from Fine Cooking #117, pp.38-39
I enjoy raw food tremendously. What could be better than a fresh, perfectly ripe peach, for example, with its heady floral scent and dripping juice? But as a cook, I also get excited about what happens when that peach meets a hot pan and, say, some cinnamon. In just minutes, it’s transformed into something equally luscious yet different; it becomes warm and comforting with a deeper, richer flavor.
But many of my readers ask if cooking that peach, or any fruit or vegetable, destroys its nutritional value. Is it better to eat it raw? A growing contingent of raw-food advocates says yes. They claim that heating produce destroys what’s healthiest about it, turning it from a “living food” full of active enzymes and nutrients into something basically devoid of benefits. While they do have a point, there’s no need to ditch your stove. The answer isn’t in the all-raw or overcooked extremes. As usual, it lies happily in the middle.
|Broccoli Stalk, Celery, and Radish Salad|
Raw food is whole food
Eating produce raw means that you’re consuming it in its unprocessed form, which is usually a good thing from a health standpoint. Take an apple, for example. Eaten fresh, it’s full of phytonutrients, vitamins, minerals, and fiber. When you peel it and cook it down to applesauce, it loses much of its nutritional value but still has some benefits. Take it a step further by smothering it in pastry and sugar for a pie and you have another ball game entirely—tasty yes, but not nearly as good for you. The main reason raw foodies find they feel better and lose weight is that they eat more unprocessed, whole foods and less pie and the like.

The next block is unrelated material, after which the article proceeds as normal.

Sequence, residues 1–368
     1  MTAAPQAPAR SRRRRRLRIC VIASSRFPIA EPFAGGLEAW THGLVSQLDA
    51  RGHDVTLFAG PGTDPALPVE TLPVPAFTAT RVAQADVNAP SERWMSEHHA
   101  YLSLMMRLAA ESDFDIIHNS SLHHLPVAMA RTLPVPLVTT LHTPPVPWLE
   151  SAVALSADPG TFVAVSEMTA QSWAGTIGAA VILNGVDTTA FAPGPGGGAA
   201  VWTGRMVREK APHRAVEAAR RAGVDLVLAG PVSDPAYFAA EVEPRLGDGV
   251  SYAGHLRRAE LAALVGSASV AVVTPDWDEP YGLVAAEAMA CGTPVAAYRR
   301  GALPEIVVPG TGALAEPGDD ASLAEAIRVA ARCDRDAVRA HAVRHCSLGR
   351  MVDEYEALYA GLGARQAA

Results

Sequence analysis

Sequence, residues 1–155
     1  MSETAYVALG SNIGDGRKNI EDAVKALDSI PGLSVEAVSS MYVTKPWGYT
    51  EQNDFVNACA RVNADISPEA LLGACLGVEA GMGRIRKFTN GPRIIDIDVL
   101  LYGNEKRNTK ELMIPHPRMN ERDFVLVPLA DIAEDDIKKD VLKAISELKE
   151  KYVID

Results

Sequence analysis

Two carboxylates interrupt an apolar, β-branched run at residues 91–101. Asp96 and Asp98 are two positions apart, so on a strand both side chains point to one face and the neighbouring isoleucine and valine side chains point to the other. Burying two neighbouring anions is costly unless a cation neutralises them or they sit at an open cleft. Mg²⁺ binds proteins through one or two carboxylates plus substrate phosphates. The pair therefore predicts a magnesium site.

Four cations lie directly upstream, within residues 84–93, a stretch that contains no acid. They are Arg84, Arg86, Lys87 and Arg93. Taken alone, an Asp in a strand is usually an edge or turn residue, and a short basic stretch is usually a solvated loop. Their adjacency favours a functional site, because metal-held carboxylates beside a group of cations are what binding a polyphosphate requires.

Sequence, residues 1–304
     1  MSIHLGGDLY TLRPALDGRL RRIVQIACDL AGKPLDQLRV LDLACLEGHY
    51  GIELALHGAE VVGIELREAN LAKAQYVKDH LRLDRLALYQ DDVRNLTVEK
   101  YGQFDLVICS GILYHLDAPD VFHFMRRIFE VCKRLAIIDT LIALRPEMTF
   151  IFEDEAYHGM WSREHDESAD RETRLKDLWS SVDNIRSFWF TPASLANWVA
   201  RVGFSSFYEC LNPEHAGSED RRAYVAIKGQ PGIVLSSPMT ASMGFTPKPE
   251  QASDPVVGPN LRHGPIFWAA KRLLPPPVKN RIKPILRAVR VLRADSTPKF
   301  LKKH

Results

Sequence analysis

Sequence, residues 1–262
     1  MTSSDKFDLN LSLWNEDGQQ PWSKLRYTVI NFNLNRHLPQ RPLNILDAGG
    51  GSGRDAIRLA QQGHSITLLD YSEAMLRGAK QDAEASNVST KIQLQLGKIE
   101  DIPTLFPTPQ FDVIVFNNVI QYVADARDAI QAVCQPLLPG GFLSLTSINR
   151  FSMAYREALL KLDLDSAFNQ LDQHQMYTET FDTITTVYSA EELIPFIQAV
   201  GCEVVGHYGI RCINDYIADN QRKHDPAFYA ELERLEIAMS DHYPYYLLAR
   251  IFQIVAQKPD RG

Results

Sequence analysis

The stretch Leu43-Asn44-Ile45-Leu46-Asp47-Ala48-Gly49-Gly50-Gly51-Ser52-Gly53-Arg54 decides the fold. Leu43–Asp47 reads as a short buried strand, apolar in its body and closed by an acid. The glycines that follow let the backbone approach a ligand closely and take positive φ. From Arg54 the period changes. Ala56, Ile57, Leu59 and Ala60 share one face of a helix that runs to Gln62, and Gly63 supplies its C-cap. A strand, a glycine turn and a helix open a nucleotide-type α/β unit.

|Brazilian Chicken Salad Sandwich with Raw Celery & Grated Beets||No-Cook Zucchini & Squash Ribbons with Daikon, Oregano & Basil||Arugula, Carrot & Raw Celery Root Salad with Almonds||Raw Asparagus Pesto|
Cooking has pros and cons
Even in the most healthful recipes, the very act of cooking destroys many nutrients, since some, like vitamin C and the B vitamins, are heat sensitive. Heat also kills enzymes in foods like the cruciferous vegetables broccoli and cauliflower. Since these enzymes activate the antioxidants in the vegetable, destroying them likely reduces the vegetable’s healing power.
On the other hand, cooking actually concentrates and activates some antioxidants, making them more potent and more easily absorbed. That’s why tomato sauce has considerably more antioxidant oomph than fresh tomatoes, and cooked carrots are richer in beta-carotene than raw. Heat also breaks down the food’s cell walls, releasing many nutrients held inside and making them more available to our bodies for digestion.
The bottom line is that both raw and cooked produce offer distinct benefits. So mix things up to cover your bases and enjoy all of the culinary possibilities.
Photos: Scott Phillips